Midlife women transitioning to menopause may be able to lower their risk of developing heart disease and type 2 diabetes, if they exercise more or eat a lower calorie diet, according to a new study published in the Endocrine Society's Journal of Clinical Endocrinology & Metabolism.
Metabolic syndrome describes a cluster of risk factors that increase the chances of developing heart disease, stroke, and diabetes. The exact cause of metabolic syndrome is not known but genetic factors, too much body fat, and lack of exercise can add to its development. According to recent data, one in five Americans has metabolic syndrome. These patients are diagnosed when they have three or more of these risk factors: large amount of abdominal body fat, low ("good") cholesterol, high levels of fat in the blood, high blood pressure, and high blood glucose.
"Previous studies have largely focused on cardiovascular disease and type 2 diabetes in postmenopausal women. This study is unique because it focuses on an earlier stage in women's lives, the menopausal transition in midlife, to potentially prevent such diseases from occurring," said lead study author Jennifer S. Lee, M.D., Ph.D., Associate Professor of Medicine, Stanford Medical Center and the Veteran Affairs Palo Alto Health Care System in Stanford, Calif. "Discovering which modifiable factors like physical activity and a lower calorie diet are more common in midlife women who recover from metabolic syndrome, in this study, could better inform what preventive strategies to consider in women earlier in their lives."
In the prospective, multi-ethnic cohort study, researchers studied 3,003 (1412 non-Hispanic White, 851 Black, 272 Japanese, 237 Hispanic, 231 Chinese) midlife women undergoing the transition to menopause. They identified patterns of cardiometabolic risk and found central obesity to be the most common factor for causing metabolic syndrome. They also found that lifestyle changes like more physical activity and a lower calorie diet could help patients recover from metabolic syndrome. Additionally, physically active women in the study were less likely to get incident metabolic syndrome than inactive women.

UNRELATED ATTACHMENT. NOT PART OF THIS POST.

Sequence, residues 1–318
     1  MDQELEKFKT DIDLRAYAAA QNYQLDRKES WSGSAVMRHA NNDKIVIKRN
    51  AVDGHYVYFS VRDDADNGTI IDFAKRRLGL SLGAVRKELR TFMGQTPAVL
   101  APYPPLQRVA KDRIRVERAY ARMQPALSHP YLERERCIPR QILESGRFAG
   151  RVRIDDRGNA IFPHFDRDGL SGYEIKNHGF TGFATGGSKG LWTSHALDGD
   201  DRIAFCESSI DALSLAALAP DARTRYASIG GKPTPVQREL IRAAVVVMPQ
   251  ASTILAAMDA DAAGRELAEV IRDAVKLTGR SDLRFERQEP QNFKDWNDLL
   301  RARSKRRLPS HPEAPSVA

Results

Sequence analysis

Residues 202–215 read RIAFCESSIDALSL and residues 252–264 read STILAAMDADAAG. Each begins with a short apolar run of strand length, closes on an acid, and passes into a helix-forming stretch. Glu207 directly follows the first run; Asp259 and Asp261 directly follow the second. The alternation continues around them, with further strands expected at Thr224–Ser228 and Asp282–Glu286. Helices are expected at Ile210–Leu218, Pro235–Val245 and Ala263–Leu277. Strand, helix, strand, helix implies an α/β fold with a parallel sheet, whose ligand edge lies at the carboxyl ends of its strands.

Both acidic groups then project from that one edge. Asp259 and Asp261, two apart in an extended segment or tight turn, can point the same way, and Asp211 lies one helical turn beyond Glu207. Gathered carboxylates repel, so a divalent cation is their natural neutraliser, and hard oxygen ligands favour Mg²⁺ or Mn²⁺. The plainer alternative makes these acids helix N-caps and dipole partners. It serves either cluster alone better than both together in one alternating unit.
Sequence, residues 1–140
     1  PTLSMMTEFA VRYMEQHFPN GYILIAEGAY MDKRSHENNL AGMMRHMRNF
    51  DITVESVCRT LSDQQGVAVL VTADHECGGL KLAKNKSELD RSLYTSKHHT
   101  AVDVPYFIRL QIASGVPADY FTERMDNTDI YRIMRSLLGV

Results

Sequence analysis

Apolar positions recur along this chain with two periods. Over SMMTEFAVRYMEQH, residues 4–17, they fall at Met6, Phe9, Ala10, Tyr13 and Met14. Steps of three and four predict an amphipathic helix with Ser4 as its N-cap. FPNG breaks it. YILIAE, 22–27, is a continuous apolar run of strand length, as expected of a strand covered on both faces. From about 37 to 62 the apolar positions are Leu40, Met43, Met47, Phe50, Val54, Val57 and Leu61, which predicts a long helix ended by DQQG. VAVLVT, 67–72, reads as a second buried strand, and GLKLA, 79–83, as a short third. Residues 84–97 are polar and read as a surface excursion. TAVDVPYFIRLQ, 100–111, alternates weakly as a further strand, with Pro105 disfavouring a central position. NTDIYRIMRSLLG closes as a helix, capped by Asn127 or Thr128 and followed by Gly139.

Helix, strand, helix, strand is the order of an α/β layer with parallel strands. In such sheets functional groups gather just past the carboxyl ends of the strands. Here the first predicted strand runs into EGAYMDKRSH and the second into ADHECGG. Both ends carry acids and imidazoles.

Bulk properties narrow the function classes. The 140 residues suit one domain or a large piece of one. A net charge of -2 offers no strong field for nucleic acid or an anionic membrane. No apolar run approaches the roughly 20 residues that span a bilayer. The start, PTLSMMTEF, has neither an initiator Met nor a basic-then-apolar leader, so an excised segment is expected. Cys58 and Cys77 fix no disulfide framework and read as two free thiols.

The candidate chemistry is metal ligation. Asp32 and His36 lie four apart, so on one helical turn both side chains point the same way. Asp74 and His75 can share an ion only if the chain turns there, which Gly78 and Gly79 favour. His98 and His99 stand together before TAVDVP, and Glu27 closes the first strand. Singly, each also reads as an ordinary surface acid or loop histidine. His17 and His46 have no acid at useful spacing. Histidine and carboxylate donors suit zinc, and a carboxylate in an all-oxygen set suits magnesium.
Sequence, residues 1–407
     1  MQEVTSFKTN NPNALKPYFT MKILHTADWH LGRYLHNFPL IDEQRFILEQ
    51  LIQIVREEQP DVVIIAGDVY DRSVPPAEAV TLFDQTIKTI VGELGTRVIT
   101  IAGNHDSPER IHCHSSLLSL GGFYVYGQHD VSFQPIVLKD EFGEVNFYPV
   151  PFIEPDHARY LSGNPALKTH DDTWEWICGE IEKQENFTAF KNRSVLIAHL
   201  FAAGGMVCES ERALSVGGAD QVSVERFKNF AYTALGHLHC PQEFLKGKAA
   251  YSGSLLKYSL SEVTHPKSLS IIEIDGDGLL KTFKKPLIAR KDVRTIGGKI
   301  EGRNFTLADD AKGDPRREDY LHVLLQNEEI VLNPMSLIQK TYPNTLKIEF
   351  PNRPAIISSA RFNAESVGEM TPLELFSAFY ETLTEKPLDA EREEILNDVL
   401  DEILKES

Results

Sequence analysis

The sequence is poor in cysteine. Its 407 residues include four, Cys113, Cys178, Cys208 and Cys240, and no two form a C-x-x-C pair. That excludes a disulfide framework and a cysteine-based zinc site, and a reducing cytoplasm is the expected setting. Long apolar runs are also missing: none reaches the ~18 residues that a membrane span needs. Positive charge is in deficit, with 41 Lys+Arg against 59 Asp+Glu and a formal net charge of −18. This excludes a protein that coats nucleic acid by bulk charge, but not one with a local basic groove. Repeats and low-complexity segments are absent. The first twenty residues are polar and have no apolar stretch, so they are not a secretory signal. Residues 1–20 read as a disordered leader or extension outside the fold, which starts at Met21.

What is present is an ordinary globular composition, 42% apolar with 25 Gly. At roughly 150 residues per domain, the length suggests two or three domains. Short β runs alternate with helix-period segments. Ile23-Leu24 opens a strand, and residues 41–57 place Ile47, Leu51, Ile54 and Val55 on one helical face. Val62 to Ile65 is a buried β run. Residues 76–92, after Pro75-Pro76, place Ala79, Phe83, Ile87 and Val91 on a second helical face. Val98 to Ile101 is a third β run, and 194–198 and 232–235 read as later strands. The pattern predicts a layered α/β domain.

Cardiometabolic conditions increase in midlife but early customized prevention strategies are not established for such women.
To characterize, and identify factors related to, constellations of cardiometabolic risk components longitudinally in multi-racial/ethnic midlife women.
We conducted a prospective longitudinal, multi-ethnic cohort study of 3,003 midlife women, undergoing the menopausal transition (MT). Metabolic syndrome (MetS) meant having at least 3 of 5 components: high fasting triglyceride (hTG), low high density lipoprotein cholesterol (lHDL), high fasting plasma glucose (hGluc), large waist circumference (Ob), and hypertension (HTN). We described the patterns of constellations and estimated hazard ratios (HRs) for constellations at 1) incident MetS and 2) recovery from MetS, using multivariable-adjusted Cox regression.
Seven U.S. sites
1412 non-Hispanic White, 851 Black, 272 Japanese, 237 Hispanic, 231 Chinese women
Race/ethnicity, lifestyle factors, MT stage
Main Ooutcomes Measures
Cardiometabolic constellations; incident MetS; MetS recovery
Central obesity was the most frequent component. Having no components was the most frequent (31%) baseline constellation. Physical activity (HR = 1.68, 95% CI: 1.06-2.68) and lower caloric intake (HR = 0.96; 95% CI: 0.93-0.99, per 100 Cal/day) were associated with recovery from MetS. Ob/hTG/lHDL (18%), Ob/HTN/lHDL (16%), and Ob/HTN/hGluc (14%) were frequent incident constellations. Physically active women had 26-62% lower hazards of incident MetS than inactive women.
Modifiable lifestyle behaviors were related to recovery from MetS and/ decreased risk of the most frequent MetS constellations in midlife women.
Ward E, Gold EB, Johnson WO1, Ding F, Chang PY, Song P, El Khoudary S, Karvonen-Gutierrez C, Ylitalo KR, Lee JS5. Patterns of Cardiometabolic Health as Midlife Women Transition to Menopause: A Prospective Multi-Ethnic Study. J Clin Endocrinol Metab. 2018 Oct 25. doi: 10.1210/jc.2018-00941. [Epub ahead of print]
Content updated 30 October 2018